Not a "by the way this MIGHT (or might NOT) contain", be explicit. What's confidential, where is it, who may see it. A generic vague wordy blurb at the bottom serves no one.

Legalese

I agree that the legalese is often bullshit but that's for two reasons, neither of them being the ones you noted.

1) Confidential information often (usually?) remains confidential even if it is accidentally disclosed to someone who shouldn't have had it. That person will often also have a duty not to disclose the information e.g. under the data protection act if it is personal information, or on pain of contempt of court if it is to do with court proceedings, or under common law equity rules. In these cases the legalese is unnecessary. All they need to say is "This email may contain confidential or legally privileged information". Even that may be unnecessary depending on the circumstances.

Hmmm mmm, and yes, those public mail archiving packages do read and respect those legalese footers don't they?

http://comments.gmane.org/gmane.comp.java.sonar.general/39778

Oops. That's not an isolated example either.

2) If the legalese says "for the sole use of the addressee" then it is worse than useless because a) it is often not for the sole use of the addressee, and b) because if it is accidentally misaddressed it may not even be for the use of the addressee at all. All they need to say is "If you think you may have received this by accident please tell us so we can sort it".

However I am not a lawyer, and clearly there are lawyers who think long legalese disclaimers are necessary.

They do, because often they are paid to write them.

Once again, if it truly is for the addressee, then it should say so up the top before someone reads something that isn't meant for them.

I don't know about you, but I read my emails from the top down (for this reason I also place my replies either inline or below quoted text). I do not read from the email signature going up. This information needs to be made known before any significant disclosure takes place.

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Stuart Longland
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HEAR HEAR!!!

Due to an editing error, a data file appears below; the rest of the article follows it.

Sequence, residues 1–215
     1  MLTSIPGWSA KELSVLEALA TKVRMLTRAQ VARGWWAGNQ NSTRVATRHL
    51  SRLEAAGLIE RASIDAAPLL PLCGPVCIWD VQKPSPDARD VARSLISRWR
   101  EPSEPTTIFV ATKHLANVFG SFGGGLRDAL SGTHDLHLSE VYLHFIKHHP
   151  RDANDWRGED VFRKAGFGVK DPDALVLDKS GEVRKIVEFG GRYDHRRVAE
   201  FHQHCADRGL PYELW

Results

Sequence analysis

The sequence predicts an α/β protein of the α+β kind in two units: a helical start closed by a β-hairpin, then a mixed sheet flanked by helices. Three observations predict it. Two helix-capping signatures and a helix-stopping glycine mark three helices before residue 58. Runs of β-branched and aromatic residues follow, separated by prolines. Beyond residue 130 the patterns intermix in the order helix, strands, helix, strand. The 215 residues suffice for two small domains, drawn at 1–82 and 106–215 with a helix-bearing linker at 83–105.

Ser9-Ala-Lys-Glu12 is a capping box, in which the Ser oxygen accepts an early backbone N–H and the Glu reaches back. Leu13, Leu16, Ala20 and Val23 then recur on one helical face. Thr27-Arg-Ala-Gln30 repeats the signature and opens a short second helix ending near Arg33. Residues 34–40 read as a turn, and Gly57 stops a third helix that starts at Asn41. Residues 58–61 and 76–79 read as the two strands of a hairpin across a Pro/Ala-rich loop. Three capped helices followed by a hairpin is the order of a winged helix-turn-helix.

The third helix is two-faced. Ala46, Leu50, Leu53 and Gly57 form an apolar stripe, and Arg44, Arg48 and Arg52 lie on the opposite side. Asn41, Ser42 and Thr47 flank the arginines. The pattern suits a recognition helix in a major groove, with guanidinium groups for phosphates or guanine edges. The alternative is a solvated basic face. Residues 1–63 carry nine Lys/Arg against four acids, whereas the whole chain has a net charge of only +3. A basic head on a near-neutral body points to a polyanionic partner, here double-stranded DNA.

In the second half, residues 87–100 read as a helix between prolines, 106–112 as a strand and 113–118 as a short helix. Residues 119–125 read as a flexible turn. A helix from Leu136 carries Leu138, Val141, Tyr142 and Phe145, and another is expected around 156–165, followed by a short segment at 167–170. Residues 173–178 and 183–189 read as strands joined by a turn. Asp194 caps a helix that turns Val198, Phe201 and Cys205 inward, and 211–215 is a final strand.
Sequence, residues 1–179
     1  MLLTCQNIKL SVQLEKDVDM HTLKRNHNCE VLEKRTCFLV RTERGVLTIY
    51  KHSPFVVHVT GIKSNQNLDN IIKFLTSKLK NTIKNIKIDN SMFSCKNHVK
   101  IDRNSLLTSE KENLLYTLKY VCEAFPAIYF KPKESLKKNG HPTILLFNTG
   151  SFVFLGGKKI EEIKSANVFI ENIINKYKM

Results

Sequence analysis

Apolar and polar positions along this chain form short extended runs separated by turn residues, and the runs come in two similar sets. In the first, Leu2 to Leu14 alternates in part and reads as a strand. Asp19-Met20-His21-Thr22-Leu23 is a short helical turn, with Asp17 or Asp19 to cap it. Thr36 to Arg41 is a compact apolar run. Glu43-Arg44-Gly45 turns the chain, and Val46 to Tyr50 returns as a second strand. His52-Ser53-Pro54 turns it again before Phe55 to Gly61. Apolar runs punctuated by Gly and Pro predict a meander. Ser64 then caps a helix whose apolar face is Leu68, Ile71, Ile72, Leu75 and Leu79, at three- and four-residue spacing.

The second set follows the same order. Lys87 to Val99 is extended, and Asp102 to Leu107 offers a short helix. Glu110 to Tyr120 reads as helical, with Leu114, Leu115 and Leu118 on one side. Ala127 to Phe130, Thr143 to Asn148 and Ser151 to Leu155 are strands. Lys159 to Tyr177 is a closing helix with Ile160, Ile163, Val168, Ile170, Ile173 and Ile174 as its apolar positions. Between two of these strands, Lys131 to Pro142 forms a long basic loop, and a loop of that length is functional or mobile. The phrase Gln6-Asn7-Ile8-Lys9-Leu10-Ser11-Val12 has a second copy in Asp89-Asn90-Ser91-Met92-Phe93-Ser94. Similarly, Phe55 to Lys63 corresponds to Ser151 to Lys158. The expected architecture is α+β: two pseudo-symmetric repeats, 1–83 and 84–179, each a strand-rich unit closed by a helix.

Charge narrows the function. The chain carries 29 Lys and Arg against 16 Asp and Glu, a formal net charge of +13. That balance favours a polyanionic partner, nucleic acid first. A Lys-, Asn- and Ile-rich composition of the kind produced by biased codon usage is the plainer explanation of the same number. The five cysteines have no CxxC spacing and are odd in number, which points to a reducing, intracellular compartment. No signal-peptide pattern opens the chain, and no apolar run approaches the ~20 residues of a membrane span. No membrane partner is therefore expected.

Especially when said legalese tells the world + sundry that the email may contain "confidential" information and was sent to a publicly-archived mailing list! It seems to be the corporate fashion these days, as is HTML in email.

I noticed recently my email signature started to show a long legalese blurb, and it was the first thing to go. I participate on far too many publicly archived mailing lists as part of my day-to-day job to have this hindrance to communication.

I'm also the office Luddite with plain-text emails.

A few reasons why legal disclaimers should not be placed in email signatures:

- They are too long to fit in an email signature, which should be approximately 4 lines long, 6 at an ABSOLUTE maximum

- The content often presumes facts about the email and its intended audience which mostly wind up not being the case or places restrictions which are not appropriate for the intended audience

- They appear AFTER the email content, so it's only when you get to the footer do you realise "Oops, I shouldn't have been reading that!"

Due to the last two points, I would suspect they have next to no legal value. Pretty sure for a legal document to stand, the person has to see it and agree to it first before it becomes binding.

Moreover, email is inherently plain-text unless you've taken steps to ensure privacy (e.g. using industry-standard tools like S/MIME or OpenPGP). Unless you do this, I think it unreasonable to assume any kind of confidentiality over email.

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Sphere 3D: Our pop-out 2TB disk product? Of COURSE it's rugged

Stuart Longland
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Re: Very disappointed

Indeed, I was looking forward to having a ball with these…